In any event, sometimes I pass through and the dogs just watch me and don't make a sound. Other times one starts barking and every other one in the area joins in. One dog at the top of the hill that sometimes started this chorus I nicknamed "The General" as I seem to recall a kid's movie with a "leader" dog who passed messages through a community of dogs. But I digress. I had been told a while back that the ones guarding a property will usually only bother you if you cross onto their property so I never worried too much as I keep to streets and stay out of other peoples' business. We had also been warned in pre-service training not to look dogs in the eye or you may provoke them. I don't know if the first is true but I can tell you the second probably is. Walking up the hill, the General started barking at me. I was in a bit of a mood so I stared at him to show I wasn't scared. But when I passed, he lunged and bit my calf. I spun around, threatened to kick him and moved my arm is if to throw a rock and he backed off. I discovered the skin was broken in five places even though my pants didn't appear torn. On the way back later, he started again but this time I had a rock, raised my arm as if to throw it and he backed off (and - yes - I walked there deliberately so as to not let him win). Since then, I have continued to walk in that area but have noticed dogs are more scarce since then (although not entirely absent). Some do still make a fuss when I pass but I have adopted the practice of keeping a rock with me just in case. As I have written previously, dogs here tend to be maltreated so the threat of harm to them is usually sufficient to make them back off. I had been hesitant to get into that mindset so as to not perpetuate it but now we see how far that got me. But I also wonder about the reduced presence. I have heard about "round ups" where people shoot stray dogs periodiocally and sometimes (relatively) domesticated ones get caught in one. A fellow volunteer tried without success to save her neighbors' dog who got shot recently. Yes, there is a problem but I wish programs like another volunteer suggested (to neuter strays and create shelters) would be adopted. There is one in Yerevan, but again...this ain't Yerevan. So, I have been receiving rabies shots although they are not as painful as everyone but me seems to have heard about (it's five shots in the arm over four weeks - not 14 in the abdomen). I need to make a five hour round-trip journey for each shot that takes five minutes to administer, but at least I have more dedicated reading time.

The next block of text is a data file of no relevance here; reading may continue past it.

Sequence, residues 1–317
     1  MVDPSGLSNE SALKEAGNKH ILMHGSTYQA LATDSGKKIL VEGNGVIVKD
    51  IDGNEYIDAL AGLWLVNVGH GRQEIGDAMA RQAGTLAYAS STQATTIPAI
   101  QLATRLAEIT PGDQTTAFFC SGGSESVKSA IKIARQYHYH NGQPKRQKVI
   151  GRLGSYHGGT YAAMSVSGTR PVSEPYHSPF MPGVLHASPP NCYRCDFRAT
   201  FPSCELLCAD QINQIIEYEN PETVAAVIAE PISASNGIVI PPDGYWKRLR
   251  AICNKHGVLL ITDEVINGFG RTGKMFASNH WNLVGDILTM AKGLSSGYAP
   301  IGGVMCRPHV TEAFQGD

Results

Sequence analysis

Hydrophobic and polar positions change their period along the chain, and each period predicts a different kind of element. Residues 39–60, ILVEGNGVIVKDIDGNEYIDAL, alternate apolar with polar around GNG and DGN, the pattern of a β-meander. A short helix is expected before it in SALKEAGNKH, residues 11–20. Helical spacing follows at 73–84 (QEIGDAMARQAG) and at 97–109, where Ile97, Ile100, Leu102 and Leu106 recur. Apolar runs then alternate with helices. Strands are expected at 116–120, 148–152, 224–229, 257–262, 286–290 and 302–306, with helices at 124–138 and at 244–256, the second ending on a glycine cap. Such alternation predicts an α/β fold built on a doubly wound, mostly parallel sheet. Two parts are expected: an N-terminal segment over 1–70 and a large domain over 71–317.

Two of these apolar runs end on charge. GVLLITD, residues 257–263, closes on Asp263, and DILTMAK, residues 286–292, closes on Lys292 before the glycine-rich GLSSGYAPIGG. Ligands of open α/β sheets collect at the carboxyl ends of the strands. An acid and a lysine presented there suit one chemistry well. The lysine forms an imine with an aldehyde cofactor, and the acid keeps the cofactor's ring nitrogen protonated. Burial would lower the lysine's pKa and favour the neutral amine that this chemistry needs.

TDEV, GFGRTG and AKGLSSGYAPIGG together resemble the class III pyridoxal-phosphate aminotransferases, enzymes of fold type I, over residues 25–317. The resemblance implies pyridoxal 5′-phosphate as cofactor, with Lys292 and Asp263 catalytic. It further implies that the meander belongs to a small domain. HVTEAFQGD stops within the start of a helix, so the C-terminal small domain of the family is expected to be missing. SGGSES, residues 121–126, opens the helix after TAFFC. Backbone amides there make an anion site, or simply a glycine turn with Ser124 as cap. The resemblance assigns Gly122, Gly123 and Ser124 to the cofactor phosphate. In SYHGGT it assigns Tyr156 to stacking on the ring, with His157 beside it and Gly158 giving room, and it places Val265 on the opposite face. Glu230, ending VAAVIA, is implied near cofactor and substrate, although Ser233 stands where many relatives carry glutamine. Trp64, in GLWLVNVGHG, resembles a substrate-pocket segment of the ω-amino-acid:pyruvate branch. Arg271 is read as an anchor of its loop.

Then last weekend, while exercising at home, I managed to spill water on my laptop. Yes - I know it is foolish to keep an open bottle of water next to a laptop but there you have it. I learned that the recommended way to address this is to put the computer into a bag of rice for a few days to absorb the moisture but apparently I learned that too late as I had booted the thing up a few times already since the spill. I had some local experts look at it to see if it can be fixed and am exploring other options (like getting a new one brought to me) while I use the various internet cafes in Gyumri. But I have now heard that the keyboard seems to be shot and maybe more so I need to take another trip to Yerevan to find a quality repair person. As a result, my posting has been (and probably will continue to be) delayed until I can write at leisure somewhere where I am not charged by the hour. And someday, I will be able to file my tax return, but that is an entirely different issue. But, at least I have more dedicated reading time. What is surprising to me about all of this is how calm I am about it. In the past, I typically got very worked up about things, even when there was nothing I could do about it. But it is evidence of the effect that a slower-paced environment has on me that I now do what I have to do and get on with things. There are worse things than unplanned trips to Yerevan. The dog bite is better than the broken ankle that another volunteer suffered recently. I am lucky that I am in a country with internet access and in a city where internet cafes are plentiful although I need to again get used to not having access whenever I want it. I can make an electronic estimated tax payment until I can get my return filed. I was probably spending too much time on the computer anyway. As they say here "vochinch" - which literally means "nothing" but one of the uses loosely translates to "What are you gonna do?" And did I mention that I have more reading time?